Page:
What your office tells you about your company's culture

The next time you get into the office, take a good look around. What are the characteristics of your space? How does it make you feel you should behave? Who do you think it was built for? What kind of activities do you think it was designed to support?

Like it or not, workspace design betrays a company’s culture. It also has the power to shape it. We are highly sensitive to the behavioral cues embedded in our environments and will unthinkingly adjust our speech, mannerisms, and body language as we adapt to our surroundings.

The chances are, you’re still working in an office designed—consciously or not—to support an idea of work that came into its heyday about one hundred years ago.

As early 20th-century companies harnessed burgeoning transportation and telecommunications networks to grow into new markets, administrative work—and offices that accommodated it—exploded. The skylines of New York and Chicago were transformed as sleek skyscrapers sprung up, filling with typists, accountants, mail-order departments and a supervisory managerial class relentlessly focused on improving the production of paperwork. The salient features of these white-collar factories? Glass-walled offices for the executives (employees worked harder if they knew they were being watched), desks arranged to isolate the individual and the rote work they performed, and a fetish for uniformity that put a powerful spotlight on the primary mission: operating efficiency.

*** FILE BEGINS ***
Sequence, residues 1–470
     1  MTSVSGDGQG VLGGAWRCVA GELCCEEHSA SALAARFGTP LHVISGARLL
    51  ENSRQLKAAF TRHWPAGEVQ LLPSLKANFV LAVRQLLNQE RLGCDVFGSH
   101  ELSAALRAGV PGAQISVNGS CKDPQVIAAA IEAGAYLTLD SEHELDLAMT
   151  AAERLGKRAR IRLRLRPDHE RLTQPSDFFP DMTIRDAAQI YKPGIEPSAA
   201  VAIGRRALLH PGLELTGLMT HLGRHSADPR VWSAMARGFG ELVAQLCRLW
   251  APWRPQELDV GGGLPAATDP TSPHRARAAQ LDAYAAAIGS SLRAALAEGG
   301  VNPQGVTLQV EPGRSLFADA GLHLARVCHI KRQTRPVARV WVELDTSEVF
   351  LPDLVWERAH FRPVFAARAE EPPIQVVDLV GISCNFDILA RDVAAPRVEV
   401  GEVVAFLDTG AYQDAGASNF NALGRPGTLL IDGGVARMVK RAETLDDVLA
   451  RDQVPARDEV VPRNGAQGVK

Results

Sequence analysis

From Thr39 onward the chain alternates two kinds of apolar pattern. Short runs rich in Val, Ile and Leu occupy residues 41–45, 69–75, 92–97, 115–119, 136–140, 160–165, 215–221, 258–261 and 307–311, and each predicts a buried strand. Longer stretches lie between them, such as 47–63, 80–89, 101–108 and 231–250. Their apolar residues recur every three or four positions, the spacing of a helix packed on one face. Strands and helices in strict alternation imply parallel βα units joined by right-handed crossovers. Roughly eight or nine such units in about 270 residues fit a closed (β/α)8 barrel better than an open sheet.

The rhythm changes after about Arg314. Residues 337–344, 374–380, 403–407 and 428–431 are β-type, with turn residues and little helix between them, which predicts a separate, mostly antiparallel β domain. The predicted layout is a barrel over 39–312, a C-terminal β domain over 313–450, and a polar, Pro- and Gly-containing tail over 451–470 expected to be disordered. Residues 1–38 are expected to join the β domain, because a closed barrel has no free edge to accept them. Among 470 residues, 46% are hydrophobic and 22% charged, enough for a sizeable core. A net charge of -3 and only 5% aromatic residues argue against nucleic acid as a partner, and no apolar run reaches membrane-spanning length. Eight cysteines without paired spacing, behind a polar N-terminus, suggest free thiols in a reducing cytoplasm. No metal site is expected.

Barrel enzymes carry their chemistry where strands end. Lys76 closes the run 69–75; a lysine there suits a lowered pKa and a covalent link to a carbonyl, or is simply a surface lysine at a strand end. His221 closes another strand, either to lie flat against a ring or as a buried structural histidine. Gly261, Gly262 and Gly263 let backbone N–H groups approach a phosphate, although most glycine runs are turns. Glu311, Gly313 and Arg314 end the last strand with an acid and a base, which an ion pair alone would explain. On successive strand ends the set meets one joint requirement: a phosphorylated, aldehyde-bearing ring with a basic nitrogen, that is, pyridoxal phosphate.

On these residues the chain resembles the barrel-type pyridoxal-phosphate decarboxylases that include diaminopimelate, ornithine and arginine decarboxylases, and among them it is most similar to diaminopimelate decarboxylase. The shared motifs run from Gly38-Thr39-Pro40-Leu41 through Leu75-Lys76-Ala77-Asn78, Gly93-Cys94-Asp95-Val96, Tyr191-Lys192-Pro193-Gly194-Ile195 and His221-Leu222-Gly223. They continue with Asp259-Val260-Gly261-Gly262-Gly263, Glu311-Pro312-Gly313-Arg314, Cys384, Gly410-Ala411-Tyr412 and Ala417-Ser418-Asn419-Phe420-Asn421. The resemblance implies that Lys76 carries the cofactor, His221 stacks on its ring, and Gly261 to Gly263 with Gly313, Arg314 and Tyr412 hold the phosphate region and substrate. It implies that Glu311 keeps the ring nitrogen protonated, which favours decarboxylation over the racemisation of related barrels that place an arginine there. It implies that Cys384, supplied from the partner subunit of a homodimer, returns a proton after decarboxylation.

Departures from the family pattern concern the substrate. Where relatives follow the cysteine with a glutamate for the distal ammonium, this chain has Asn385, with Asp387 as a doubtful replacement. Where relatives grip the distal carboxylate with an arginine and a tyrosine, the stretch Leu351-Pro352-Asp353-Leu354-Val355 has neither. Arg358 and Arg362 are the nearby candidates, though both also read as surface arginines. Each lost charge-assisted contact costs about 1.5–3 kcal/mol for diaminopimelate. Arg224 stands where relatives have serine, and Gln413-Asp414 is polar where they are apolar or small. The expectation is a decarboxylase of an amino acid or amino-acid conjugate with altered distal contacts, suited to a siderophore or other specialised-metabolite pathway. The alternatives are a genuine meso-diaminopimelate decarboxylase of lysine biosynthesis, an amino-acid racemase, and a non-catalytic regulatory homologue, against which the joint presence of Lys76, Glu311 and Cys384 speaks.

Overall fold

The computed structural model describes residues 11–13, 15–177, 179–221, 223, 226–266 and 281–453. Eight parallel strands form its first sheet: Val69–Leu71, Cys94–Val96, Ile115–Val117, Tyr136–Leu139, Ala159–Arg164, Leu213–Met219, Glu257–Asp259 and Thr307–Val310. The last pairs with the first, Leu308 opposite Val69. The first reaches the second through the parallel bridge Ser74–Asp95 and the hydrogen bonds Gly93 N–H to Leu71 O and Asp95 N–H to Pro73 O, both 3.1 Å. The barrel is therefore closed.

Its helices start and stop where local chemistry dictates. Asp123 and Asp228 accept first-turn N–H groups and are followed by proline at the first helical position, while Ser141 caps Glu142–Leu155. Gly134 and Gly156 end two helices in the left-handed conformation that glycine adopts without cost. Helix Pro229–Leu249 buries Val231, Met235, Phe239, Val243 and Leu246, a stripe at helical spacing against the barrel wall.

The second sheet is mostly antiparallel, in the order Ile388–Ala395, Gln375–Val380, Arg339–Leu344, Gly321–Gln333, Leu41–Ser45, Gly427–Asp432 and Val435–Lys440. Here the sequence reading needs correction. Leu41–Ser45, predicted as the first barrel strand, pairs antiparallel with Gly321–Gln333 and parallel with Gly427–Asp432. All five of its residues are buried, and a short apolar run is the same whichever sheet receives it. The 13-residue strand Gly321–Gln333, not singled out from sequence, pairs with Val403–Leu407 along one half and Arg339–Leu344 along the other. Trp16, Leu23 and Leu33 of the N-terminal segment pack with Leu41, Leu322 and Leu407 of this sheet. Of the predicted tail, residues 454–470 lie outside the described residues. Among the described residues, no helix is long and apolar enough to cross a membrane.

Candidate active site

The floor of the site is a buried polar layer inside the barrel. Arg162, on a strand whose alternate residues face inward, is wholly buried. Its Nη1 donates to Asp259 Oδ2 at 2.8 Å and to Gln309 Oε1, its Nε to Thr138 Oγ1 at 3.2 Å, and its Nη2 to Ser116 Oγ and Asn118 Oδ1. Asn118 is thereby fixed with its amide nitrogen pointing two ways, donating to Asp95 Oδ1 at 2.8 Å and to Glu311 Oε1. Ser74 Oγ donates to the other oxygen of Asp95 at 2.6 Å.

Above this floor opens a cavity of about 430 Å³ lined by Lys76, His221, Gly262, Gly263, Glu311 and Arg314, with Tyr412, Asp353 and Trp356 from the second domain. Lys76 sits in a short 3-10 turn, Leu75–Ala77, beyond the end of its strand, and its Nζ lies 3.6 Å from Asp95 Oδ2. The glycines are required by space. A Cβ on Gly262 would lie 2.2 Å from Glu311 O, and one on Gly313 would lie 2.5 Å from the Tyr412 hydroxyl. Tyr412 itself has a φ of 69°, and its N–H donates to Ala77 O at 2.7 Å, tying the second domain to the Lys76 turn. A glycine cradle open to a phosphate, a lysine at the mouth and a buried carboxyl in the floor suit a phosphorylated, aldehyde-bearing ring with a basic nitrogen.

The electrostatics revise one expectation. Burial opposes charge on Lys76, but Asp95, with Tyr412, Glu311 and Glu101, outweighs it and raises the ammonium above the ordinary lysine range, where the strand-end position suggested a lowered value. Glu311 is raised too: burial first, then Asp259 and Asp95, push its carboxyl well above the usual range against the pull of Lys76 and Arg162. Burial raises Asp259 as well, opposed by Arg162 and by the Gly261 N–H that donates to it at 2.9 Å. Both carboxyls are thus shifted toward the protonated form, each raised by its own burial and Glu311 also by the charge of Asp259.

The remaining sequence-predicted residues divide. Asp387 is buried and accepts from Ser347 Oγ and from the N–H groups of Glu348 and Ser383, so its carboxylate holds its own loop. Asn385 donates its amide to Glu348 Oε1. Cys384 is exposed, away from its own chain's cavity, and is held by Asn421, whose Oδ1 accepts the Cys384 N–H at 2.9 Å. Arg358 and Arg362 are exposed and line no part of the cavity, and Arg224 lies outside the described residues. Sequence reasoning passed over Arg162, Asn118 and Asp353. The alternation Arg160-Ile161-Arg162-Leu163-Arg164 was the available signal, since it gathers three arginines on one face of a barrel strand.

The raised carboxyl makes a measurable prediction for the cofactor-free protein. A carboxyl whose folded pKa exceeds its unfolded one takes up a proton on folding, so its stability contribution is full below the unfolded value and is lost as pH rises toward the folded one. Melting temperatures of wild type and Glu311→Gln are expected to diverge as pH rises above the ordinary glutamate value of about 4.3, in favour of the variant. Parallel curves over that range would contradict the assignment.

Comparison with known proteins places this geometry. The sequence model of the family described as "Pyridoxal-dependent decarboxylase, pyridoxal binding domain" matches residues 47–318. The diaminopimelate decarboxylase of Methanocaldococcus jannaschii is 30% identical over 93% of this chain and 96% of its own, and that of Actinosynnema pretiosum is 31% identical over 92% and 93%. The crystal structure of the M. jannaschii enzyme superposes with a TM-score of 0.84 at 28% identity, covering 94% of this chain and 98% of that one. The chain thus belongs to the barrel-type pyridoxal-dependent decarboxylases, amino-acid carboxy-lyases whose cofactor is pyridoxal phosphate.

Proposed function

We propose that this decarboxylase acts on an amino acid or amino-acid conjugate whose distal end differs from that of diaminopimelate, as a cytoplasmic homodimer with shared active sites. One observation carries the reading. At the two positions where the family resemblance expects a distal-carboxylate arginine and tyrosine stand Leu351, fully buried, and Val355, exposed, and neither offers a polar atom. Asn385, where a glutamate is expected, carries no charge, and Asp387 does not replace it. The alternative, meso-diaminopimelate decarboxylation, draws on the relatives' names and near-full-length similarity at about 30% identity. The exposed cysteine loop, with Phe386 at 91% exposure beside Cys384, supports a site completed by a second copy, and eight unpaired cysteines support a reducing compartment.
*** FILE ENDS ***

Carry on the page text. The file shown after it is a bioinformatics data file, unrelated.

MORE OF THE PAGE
These core design principles have endured with remarkable tenacity, vanquishing or co-opting several bold attempts to displace them. In 1964, a Herman Miller designer named Robert Propst launched the “action office,” a modular, semi-enclosed office furniture whose humanistic design emphasized ergonomics, flexibility and creativity. To his horror, Mr Propst’s creation metastasized in offices everywhere as the cubicle—the ultimate symbol of atomized and soulless office existence. “The cubiclizing of people in modern corporations is monolithic insanity,” the poor man would later comment.